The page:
When taken together with Tenn.Code Ann. Sec. 50-908, which provides for worker's compensation as the exclusive remedy, tort recovery is barred against a principal contractor.
Section 50-915 creates "statutory employers" that will be liable for worker's compensation in case recovery is unavailable against the employee's immediate employer. Similar "statutory employer" statutes are on the books in over forty states. See 2A A. Larsen, The Law of Workmen's Compensation Sec. 72.31, at 14-57 (1980). The purpose of section 50-195 and similar statutes is to protect employees from irresponsible subcontractors. The principal or general contractor will be responsible for an injured employee's worker's compensation if it has failed to hire reliable, insured subcontractors. The object of the statute is to give the general contractor an incentive to require subcontractors to carry insurance." Id.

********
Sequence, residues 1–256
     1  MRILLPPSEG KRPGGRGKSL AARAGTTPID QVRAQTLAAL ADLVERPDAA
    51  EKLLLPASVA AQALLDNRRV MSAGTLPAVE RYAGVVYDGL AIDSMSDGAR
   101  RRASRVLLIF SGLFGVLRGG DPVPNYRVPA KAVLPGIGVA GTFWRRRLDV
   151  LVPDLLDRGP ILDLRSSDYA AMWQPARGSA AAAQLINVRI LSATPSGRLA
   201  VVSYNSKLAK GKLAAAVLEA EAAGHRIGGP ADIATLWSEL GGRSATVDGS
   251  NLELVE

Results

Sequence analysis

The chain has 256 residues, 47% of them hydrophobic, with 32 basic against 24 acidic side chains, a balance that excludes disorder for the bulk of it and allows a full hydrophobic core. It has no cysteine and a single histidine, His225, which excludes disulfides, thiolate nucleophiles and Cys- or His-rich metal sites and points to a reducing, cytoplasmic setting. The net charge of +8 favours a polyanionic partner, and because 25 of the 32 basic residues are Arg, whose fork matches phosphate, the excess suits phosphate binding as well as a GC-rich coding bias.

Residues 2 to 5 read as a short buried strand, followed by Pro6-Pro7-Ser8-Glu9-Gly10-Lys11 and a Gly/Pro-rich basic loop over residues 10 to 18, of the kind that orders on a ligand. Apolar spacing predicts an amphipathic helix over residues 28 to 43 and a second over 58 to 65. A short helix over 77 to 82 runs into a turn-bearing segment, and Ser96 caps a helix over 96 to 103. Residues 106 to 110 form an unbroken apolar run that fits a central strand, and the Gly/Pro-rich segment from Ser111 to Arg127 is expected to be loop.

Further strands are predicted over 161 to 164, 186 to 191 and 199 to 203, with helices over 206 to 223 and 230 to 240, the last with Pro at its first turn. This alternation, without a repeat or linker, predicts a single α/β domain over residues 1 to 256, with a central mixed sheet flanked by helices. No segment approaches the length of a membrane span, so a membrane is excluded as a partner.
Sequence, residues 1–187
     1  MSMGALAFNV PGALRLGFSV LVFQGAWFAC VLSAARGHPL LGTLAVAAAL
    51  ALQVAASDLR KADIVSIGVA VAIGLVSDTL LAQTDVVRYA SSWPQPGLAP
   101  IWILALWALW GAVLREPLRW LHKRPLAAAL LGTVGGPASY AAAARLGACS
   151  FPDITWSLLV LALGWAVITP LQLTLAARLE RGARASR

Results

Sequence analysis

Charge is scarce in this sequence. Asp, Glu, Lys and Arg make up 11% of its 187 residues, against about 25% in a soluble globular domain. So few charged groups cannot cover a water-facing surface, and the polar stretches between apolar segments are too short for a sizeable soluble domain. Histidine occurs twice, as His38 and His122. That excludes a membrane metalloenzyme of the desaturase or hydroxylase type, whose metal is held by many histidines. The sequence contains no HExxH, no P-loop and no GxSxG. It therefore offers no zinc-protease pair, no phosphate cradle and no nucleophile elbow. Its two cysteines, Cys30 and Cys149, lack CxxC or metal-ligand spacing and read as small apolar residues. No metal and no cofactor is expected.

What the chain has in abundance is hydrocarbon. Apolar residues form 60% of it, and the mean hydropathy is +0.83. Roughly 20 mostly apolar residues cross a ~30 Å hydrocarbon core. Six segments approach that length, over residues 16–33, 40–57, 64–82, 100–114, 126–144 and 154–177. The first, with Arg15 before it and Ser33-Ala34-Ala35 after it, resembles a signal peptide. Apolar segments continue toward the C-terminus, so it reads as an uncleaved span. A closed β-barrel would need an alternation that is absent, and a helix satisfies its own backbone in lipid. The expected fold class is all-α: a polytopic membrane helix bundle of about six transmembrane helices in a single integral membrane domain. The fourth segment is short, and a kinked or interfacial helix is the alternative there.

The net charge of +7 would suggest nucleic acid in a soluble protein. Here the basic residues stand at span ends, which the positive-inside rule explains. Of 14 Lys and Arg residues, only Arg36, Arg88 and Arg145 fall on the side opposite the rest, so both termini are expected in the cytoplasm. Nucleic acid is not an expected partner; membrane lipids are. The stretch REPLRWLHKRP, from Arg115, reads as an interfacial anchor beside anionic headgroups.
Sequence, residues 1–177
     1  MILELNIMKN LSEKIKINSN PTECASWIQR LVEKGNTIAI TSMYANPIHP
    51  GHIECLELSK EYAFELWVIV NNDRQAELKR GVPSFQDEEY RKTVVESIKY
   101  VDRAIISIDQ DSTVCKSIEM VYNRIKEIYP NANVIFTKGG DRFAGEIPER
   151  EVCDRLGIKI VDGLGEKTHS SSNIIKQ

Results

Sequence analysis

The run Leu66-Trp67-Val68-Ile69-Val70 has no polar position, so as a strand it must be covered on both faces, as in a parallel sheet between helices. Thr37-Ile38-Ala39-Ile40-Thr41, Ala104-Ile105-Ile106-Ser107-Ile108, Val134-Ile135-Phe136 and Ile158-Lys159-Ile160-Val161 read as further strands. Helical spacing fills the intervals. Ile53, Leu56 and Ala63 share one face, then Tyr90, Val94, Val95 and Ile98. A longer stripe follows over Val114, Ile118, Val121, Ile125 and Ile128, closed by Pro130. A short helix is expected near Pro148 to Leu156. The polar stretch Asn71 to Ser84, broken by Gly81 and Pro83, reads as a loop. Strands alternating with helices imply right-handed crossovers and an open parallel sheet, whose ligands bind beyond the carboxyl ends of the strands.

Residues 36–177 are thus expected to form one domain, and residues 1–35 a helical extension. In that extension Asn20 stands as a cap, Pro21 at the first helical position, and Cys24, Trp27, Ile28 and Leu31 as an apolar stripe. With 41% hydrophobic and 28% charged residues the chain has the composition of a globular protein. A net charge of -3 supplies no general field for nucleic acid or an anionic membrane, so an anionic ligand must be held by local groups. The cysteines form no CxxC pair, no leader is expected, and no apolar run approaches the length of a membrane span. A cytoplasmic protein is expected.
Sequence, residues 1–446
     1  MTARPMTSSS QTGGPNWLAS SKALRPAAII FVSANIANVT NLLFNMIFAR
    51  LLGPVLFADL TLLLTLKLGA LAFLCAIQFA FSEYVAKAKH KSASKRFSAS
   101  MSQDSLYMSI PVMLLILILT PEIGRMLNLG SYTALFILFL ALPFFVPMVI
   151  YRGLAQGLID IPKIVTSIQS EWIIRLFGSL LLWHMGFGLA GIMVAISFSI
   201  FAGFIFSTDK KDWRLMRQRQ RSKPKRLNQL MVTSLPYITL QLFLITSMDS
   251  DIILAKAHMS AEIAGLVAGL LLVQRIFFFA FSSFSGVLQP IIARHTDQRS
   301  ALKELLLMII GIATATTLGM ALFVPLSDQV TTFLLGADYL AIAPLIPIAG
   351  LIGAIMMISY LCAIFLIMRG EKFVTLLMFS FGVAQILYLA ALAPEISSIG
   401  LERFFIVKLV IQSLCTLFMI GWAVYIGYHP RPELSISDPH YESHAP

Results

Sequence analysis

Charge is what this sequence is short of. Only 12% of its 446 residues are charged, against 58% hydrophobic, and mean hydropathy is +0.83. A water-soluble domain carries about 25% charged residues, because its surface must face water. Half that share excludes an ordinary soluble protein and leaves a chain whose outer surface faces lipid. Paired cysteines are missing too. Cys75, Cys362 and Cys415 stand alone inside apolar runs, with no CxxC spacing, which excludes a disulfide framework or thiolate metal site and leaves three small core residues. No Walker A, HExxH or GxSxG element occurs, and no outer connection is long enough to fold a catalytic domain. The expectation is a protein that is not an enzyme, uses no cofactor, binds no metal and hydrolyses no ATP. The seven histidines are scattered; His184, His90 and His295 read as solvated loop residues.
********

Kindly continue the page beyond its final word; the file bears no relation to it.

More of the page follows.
We turn now to interpretation of the previously cited Tennessee case law on that subject. Plaintiffs-Appellants contend that this court has authoritatively interpreted Section 50-915 of Tennessee Code Annotated favorably to their claim for tort liability against Defendant Union Carbide. They cite and rely upon Womble v. J.C. Penney Co., 431 F.2d 985 (6th Cir.1970), where a panel of this court said:
The District Court found that appellant as owner of the property was not a principal contractor since that term did not ordinarily refer to the owners of the premises who have contracted with other firms to perform work on the premises which was not a part of the owner's business. We agree with the District Court's findings and hold that Robertson & Sons, and not the appellant, was the principal contractor, and that therefore appellee was not barred from filing his negligence action against appellant, as a third person under T.C.A. Sec. 50-914, even though he recovered workmen's compensation. The term "principal contractor" is not defined in the Tennessee Code, but the courts have dealt with the question in situations similar to the present.